Is the graph below a (directed) tree in the mathematical sense, and if it is, is there any precise definition that distinguishes crossing from non-crossig trees?
enter image description here

I think it should be a tree since it is acyclic and connected, but the crossing edges $B - F$ and $C - E$ make me unsure about it - it doesn't look like a "classical" tree, intuitively (presumably because by "classical" tree, I have directed and rooted trees in mind, although I am aware that undirected trees exist, too), and I can not recall having seen such a graph referred to as 'tree' ever before.
Which graph-theoretical classification would apply to this object? Are the distinctions directed vs. undirected, and ordered vs. unordered of relevance here?

Edit: I am thinking that ordering might be of relevance because if you were to "untangle" the lines and align the nodes in such a way that node $F$ is right next to $D$ and $E$ is right next to $G$, the linear order of nodes would be a different one, and that this would make it different tree. Is this correct?


As a graph this is the same as the graph where you "uncross" the vertices. Recall the definition of a graph as a set of nodes and a set of edges - it says nothing about the embedding, or the way you draw it.

Your picture is of a tree that is not embedded in the plane. (Though in fact your picture is ambiguous, because the lines connecting vertices do not need to be straight, unless you insist on a piecewise linear embedding into the plane). Trees are always planar, however, which means it is possible to "fix" the drawing so that it is an embedding.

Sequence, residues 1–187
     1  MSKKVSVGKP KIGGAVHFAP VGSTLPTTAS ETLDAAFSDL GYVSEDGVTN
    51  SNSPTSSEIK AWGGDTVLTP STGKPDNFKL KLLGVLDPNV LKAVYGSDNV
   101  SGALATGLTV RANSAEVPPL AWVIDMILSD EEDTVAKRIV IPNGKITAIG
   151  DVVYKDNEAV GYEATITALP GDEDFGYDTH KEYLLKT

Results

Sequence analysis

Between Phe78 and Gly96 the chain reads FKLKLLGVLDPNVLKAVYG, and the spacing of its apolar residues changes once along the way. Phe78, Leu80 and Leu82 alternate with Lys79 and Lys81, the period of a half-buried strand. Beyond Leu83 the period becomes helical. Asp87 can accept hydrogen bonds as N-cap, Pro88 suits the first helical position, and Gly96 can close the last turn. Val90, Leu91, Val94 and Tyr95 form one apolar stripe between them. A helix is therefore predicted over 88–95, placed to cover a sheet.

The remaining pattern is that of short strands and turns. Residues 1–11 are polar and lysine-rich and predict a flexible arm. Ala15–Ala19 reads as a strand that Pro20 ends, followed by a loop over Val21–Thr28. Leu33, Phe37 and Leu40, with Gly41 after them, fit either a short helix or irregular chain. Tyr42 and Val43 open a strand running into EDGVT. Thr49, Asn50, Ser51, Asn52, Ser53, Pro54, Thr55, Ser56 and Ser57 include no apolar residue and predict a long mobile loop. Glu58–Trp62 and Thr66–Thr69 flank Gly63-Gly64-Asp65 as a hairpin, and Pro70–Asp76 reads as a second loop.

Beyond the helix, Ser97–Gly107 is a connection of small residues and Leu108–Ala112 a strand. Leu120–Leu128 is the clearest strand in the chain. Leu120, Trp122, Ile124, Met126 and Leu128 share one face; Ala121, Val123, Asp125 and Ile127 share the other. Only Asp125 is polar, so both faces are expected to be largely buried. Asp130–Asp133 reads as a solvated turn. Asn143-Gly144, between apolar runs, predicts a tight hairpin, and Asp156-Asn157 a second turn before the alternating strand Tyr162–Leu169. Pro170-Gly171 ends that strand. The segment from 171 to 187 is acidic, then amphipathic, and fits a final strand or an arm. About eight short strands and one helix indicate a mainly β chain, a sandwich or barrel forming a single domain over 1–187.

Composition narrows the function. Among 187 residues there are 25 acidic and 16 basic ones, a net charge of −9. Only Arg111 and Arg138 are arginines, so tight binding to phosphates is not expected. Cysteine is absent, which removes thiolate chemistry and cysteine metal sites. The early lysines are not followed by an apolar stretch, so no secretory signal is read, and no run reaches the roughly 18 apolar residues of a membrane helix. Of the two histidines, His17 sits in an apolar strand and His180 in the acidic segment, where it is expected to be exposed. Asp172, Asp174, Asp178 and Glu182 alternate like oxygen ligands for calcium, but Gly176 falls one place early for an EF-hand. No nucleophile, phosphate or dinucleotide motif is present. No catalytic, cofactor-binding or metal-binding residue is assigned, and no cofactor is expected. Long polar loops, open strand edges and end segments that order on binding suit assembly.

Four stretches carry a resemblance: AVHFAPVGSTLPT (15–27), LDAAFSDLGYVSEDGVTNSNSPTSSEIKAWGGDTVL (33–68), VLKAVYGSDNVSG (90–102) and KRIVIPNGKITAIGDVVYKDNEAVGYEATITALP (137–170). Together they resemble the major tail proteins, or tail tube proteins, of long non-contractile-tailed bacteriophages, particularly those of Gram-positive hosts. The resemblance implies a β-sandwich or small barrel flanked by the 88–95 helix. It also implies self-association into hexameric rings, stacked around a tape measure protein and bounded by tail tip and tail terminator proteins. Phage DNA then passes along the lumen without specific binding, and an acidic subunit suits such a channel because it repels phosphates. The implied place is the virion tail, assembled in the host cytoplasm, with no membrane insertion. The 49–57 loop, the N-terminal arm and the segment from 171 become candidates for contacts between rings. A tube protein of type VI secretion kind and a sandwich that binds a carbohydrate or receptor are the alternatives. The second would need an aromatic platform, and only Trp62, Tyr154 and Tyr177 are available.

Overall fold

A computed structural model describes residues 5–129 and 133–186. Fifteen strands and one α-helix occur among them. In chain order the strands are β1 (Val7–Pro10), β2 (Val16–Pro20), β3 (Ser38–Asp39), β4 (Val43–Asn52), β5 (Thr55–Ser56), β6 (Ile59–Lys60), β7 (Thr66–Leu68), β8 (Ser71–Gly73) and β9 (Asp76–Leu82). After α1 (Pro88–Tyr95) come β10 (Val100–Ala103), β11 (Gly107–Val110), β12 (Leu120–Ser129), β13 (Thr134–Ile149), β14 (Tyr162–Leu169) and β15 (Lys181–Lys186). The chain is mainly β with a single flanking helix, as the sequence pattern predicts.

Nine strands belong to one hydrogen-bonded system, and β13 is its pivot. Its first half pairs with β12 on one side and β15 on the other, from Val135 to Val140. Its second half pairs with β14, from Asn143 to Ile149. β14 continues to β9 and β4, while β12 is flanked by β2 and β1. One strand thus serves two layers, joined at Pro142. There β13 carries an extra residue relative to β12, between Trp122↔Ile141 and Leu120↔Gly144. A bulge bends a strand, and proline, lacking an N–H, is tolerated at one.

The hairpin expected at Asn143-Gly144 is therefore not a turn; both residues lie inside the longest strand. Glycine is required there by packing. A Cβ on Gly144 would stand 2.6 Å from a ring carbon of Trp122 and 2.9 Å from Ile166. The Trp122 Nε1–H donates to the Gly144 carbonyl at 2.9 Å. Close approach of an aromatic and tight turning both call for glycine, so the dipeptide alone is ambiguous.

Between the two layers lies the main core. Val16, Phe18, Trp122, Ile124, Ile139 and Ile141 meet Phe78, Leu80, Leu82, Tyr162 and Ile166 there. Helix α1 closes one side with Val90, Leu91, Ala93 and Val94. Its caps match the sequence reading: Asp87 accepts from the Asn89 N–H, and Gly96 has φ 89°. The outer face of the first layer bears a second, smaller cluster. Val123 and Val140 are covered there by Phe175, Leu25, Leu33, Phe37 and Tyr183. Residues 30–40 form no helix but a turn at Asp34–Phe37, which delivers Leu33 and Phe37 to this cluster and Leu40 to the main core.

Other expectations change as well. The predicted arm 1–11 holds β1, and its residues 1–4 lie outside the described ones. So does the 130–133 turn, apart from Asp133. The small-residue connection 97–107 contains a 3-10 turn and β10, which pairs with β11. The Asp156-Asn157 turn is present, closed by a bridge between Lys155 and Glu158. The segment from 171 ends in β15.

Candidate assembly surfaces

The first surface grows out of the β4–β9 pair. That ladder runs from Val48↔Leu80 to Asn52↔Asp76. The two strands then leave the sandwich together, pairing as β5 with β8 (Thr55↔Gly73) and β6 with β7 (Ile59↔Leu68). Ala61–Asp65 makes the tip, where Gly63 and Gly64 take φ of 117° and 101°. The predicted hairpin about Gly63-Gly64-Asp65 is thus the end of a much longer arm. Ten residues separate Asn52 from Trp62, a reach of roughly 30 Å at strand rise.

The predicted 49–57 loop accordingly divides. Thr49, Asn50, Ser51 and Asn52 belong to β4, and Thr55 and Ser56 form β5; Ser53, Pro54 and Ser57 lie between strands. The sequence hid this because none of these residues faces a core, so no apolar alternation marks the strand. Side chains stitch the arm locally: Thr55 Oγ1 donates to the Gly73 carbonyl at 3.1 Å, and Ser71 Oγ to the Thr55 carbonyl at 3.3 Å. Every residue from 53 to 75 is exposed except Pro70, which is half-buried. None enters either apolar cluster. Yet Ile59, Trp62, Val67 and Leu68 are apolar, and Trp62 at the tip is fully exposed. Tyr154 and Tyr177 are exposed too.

The upshot is that your drawing reflects something about the "embedding" of (the geometric realization) of the graph into the plane. It is not a property of the graph. (The geometric realization refers to the construction by which you build a topological space from a graph - recall, a set of nodes and a set describing the edges - by putting a point for each node and connecting them with intervals if there is an edge between them...)

  • $\begingroup$ What will be useful is the result " that trees are always planar." $\endgroup$ – Abhinav chakraborty Jan 24 '17 at 18:40
  • $\begingroup$ This is helpful. So if I understand correctly, the "crossing" is not something that happens on the level of the graph itself but only on the level of its geometrical realization? Is there any terminology or classification which addresses this way of planar embedding, or is the crossing something that can not really be captured by precise definitions? I'm curious whethere there is any formal distinction between non-crossing and crossing geometrical realization. $\endgroup$ – lemontree Jan 25 '17 at 17:33
  • $\begingroup$ @lemontree No, the crossing doesn't happen on the level of the geometric realization. It happens when you map the realization to the plane. Graph (Vertices, Edges) -> Geometric Realization (Topological Space X) -> Drawing in plane (continuous map from f : X to R^2). For a well drawn graph, $f$ must be a topological embedding (meaning, injective and homeomorphic onto its image). You can detect crossings by studying $f$, for example, in your picture there is a point $p \in R^2$ with $f^{-1}(p)$ consisting of two points in the interior of distinct edges... $\endgroup$ – Lorenzo Najt Jan 26 '17 at 17:05

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